May-Britt Moser is Co-Director of the Kavli Institute for Systems Neuroscience and the Centre for the Biology of Memory at the Norwegian University of Science and Technology. Since her group was established in 1996 she has, together with Edvard Moser, studied how spatial location and spatial memory are computed in the brain. Their most noteworthy contribution is probably the discovery of grid cells in the entorhinal cortex in 2005, which points to the entorhinal cortex as a hub for the brain network that makes us find our way. They have shown how a variety of functional cell types in the entorhinal microcircuit contribute to representation of self-location, how the outputs of the circuit are used by memory networks in the hippocampus, and how episodic memories are separated from each other in the early stages of the hippocampal memory storage. Her most recent work has focused on mechanisms of memory retrieval in the hippocampus. She has been awarded the 2011 Louis-Jeantet Prize for Medicine together with Edvard Moser and Stefan Jentsch.


Title & synopsis

Grid cells & the brain's representation of space

Grid cells are cells that fire selectively at regularly spaced positions in the environment such that, for each cell, activity is observed only when the animal is at places that together define a repeating triangular pattern. These cells are thought to provide the metric for the brain’s representation of external space. I will discuss the organization of the grid cell network in entorhinal cortex as well as the relationship of grid cells to place cells in the hippocampus.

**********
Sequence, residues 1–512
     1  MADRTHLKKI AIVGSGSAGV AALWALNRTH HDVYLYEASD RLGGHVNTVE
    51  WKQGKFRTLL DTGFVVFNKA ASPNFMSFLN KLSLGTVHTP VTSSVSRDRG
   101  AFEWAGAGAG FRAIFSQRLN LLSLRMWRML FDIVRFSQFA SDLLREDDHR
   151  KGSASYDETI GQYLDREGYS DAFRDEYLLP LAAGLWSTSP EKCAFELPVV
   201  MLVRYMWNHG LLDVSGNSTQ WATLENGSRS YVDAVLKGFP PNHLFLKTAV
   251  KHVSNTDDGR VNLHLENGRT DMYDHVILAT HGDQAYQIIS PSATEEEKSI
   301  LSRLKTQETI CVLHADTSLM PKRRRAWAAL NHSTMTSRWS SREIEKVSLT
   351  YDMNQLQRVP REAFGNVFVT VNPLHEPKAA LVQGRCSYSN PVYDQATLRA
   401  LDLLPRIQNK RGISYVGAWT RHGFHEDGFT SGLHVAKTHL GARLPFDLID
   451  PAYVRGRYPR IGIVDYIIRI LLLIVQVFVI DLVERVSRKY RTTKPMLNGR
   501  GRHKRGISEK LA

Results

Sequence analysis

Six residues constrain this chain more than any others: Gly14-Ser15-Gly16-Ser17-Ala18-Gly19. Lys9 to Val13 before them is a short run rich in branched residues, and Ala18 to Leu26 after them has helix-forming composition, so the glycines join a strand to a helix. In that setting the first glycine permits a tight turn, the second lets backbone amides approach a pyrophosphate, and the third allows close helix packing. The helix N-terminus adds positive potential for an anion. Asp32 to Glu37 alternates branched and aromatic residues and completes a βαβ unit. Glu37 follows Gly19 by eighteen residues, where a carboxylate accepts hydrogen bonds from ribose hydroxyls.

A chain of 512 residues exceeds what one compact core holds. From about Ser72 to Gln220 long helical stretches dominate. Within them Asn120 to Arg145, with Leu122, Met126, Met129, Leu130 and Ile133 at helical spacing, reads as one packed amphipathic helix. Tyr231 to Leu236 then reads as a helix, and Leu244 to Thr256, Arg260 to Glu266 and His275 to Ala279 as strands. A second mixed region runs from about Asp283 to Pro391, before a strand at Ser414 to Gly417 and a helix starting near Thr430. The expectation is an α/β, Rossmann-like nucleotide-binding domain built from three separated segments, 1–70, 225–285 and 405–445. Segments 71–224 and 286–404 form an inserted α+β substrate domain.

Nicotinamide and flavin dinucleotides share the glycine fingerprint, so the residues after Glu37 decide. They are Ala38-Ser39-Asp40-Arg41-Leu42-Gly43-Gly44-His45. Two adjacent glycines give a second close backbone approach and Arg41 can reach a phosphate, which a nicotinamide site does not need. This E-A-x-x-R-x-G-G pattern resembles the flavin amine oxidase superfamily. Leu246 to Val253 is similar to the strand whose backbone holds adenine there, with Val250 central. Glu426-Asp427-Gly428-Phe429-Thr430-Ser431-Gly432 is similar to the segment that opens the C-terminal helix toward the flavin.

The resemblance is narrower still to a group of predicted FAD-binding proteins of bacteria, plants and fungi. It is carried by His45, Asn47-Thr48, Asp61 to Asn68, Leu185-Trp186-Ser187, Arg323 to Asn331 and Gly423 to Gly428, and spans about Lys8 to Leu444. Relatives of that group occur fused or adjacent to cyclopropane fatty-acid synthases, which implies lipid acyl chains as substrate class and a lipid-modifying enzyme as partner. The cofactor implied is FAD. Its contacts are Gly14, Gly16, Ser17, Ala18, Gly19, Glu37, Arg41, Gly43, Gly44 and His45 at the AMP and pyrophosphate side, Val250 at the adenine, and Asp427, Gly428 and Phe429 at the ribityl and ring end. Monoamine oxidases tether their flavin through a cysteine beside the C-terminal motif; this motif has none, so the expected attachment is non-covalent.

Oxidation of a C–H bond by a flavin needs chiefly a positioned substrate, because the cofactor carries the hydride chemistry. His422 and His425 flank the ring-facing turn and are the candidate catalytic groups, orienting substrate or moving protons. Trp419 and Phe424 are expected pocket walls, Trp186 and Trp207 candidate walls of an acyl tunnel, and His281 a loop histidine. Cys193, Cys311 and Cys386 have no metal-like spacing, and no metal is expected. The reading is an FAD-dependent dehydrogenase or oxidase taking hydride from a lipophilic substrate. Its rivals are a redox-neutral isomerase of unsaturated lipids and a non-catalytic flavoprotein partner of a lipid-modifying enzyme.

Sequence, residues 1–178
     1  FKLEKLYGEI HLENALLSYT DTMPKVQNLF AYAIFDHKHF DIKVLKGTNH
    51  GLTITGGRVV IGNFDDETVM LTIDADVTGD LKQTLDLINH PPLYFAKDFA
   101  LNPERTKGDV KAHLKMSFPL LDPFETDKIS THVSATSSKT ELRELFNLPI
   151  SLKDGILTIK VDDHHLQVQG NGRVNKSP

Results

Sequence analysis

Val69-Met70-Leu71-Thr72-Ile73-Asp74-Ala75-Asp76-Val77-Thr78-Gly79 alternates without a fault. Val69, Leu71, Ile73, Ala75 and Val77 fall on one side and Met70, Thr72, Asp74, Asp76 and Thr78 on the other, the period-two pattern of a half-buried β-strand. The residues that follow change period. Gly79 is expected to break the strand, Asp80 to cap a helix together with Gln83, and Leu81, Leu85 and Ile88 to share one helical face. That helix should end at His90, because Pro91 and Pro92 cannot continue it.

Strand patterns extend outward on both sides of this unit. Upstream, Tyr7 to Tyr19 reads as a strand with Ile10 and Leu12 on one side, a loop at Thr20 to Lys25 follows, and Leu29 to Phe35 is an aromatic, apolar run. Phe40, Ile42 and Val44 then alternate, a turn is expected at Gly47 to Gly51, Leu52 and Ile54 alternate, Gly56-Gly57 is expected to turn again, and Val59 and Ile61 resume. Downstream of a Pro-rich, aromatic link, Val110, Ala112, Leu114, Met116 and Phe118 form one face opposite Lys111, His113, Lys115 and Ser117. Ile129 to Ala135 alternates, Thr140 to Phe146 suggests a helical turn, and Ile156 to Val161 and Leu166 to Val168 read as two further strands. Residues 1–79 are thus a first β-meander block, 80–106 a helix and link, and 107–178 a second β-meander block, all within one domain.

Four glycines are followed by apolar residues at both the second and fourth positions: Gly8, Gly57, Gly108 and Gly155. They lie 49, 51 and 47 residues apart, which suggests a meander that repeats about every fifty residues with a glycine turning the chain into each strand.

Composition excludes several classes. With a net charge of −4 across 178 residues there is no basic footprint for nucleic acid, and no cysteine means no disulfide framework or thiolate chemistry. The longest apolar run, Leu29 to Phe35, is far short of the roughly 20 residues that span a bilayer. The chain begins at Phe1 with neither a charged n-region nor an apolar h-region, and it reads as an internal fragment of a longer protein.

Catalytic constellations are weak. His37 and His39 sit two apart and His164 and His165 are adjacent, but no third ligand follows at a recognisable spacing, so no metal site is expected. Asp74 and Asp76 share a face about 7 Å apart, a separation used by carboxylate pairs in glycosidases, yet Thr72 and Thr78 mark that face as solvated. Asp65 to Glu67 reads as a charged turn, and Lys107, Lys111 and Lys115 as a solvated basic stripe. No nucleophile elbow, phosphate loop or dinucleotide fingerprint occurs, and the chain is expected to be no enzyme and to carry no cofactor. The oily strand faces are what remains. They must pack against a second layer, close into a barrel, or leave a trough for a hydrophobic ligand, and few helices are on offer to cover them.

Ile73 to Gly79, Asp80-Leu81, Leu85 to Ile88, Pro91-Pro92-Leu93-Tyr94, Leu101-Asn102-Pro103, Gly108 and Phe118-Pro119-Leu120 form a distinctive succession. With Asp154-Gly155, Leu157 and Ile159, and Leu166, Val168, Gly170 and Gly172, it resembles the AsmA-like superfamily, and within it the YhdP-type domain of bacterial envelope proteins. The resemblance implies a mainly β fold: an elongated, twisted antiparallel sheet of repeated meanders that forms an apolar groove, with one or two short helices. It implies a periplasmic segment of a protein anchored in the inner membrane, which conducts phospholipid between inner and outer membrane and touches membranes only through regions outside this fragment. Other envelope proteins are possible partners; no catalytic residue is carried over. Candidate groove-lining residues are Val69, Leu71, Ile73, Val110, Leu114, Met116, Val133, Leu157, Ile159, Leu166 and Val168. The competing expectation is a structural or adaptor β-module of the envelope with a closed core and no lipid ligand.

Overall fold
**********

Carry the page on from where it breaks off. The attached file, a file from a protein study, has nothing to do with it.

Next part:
Stefan Jentsch

Max-Planck Institute
of Biochemistry
, DE

Stefan Jentsch is director at the Max Planck Institute of Biochemistry, Martinsried, DE. He obtained his PhD in biology at Free University Berlin and Max Planck Institute for Molecular Genetics and was postdoctoral fellow at MIT, Cambridge, US. After periods at the Friedrich-Miescher Laboratory (Max Planck Society, Tübingen) and the University of Heidelberg (ZMBH), DE, he is since 1998 director of the Department of Molecular Cell Biology. He pioneered studies on protein modifications by ubiquitin and related proteins. Modification of proteins by ubiquitin usually targets the proteins for degradation. However, his research revealed that ubiquitin plays also a crucial role in genome maintenance and DNA repair. More recently, he and his group discovered a ubiquitin/SUMO-controlled mechanism that governs genome stability and mutagenesis. He is an EMBO Member since 1995 and an elected member of the German National Academy of Sciences Leopoldina. His honours include the Otto Klung Prize (1992), Leibniz Preis (1993), Otto Bayer Award (1996), Max-Planck Research Award (2003), honorary professorship of Fudan University Shanghai, and the 2011 Louis-Jeantet Prize for Medicine together with Edvard Moser and May-Britt Moser.


Title & synopsis

Regulatory roles of ubiquitin family proteins


Modifications of proteins by ubiquitin and ubiquitin-like proteins (UBLs) fulfill numerous cellular functions. Stefan Jentsch will discuss examples in DNA repair and RNA splicing.